A KHL playoff goal was disallowed due to ‘obstruction of the goaltender’s vision’.
The goal, off the stick of SKA St. Petersburg’s Evgeny Ketov, would have tied the game at 2-2.
Referees Sergei Belyayev and Evgeny Romasko, formerly of the NHL, went to the videotape… After an extended review, the goal was waved off.
Captain Ketov!! He ties it up. pic.twitter.com/y1QC6tXZjM
— Aivis Kalniņš (@A_Kalnins) March 28, 2019
SKA’s Anton Belov was battling for position at the top of the crease, but avoided contact with CSKA goaltender Ilya Sorokin.
It wasn’t contact the officials were worrying about. It was the goaltender’s field of view.
— KHL (@khl_eng) March 28, 2019
From the KHL Rulebook:
471 – DISALLOWING A GOAL
a) No goal shall be allowed: […] If a goal is scored when an attacking player has positioned himself in the goal crease screening the goalkeeper’s view, and in so doing has interfered with his ability to defend his goal net;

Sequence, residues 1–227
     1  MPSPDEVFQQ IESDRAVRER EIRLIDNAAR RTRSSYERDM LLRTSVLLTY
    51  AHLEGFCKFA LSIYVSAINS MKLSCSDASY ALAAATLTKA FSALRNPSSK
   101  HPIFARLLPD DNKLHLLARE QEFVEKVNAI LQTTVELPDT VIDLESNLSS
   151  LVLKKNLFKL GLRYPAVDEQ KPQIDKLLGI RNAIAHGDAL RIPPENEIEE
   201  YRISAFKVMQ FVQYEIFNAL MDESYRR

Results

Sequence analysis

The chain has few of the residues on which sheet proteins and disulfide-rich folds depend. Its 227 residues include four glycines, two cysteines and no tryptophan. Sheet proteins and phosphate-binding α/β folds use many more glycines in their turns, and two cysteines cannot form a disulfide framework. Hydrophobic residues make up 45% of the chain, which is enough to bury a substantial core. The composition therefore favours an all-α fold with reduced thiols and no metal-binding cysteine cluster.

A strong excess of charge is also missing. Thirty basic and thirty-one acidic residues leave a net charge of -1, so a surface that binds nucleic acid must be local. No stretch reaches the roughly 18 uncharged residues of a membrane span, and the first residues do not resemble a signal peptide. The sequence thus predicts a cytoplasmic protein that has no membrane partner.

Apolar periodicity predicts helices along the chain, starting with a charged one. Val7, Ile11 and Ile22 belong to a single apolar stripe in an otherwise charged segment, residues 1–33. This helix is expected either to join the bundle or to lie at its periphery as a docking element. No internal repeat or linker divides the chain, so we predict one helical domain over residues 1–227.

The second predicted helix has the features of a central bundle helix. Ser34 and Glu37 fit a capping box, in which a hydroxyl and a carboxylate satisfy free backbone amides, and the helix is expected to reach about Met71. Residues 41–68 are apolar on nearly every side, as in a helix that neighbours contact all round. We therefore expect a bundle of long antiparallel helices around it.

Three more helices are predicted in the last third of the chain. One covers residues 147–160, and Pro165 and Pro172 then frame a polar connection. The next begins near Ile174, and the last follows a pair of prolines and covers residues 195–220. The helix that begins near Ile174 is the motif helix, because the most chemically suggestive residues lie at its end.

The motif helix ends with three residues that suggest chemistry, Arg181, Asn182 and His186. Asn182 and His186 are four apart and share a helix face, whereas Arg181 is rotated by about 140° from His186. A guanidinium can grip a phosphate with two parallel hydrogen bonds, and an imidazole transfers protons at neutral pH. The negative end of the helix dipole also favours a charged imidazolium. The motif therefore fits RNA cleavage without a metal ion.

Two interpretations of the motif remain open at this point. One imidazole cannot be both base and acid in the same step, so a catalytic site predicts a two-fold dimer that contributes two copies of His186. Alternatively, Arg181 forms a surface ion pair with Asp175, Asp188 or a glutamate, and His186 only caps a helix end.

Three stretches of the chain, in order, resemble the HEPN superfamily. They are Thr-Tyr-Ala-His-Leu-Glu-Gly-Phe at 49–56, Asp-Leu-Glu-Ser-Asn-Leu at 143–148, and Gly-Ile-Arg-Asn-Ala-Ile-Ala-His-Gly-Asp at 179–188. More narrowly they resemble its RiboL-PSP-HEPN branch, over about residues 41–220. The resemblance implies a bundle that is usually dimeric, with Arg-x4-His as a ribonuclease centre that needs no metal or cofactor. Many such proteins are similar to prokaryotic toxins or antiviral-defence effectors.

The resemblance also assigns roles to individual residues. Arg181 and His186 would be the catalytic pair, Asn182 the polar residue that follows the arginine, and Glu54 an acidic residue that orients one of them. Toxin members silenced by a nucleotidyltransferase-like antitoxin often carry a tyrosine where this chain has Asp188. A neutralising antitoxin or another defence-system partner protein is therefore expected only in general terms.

While Belov moved to position himself in front of the goaltender, his actions certainly weren’t as blatant or intentional as Sean Avery’s infamous ‘unsportsmanlike conduct’ incident against Martin Brodeur in the 2008 Stanley Cup Playoffs. Avery’s antics led to a minor modification to the NHL’s rule for unsportsmanlike conduct to include intentionally distracting the goaltender.
“An unsportsmanlike conduct minor penalty will be interpreted and applied, effective immediately, to a situation when an offensive player positions himself facing the opposition goaltender and engages in actions such as waving his arms or stick in front of the goaltender’s face, for the purpose of improperly interfering with and/or distracting the goaltender as opposed to positioning himself to try to make a play,” said a statement from NHL Director of Hockey Operations Colin Campbell.
The KHL had no such issue. They’ve already got that rule on the books.
In Game 1 of the playoff series between CSKA and SKA St. Petersburg, they decided to enforce it.
SKA lost 2-1.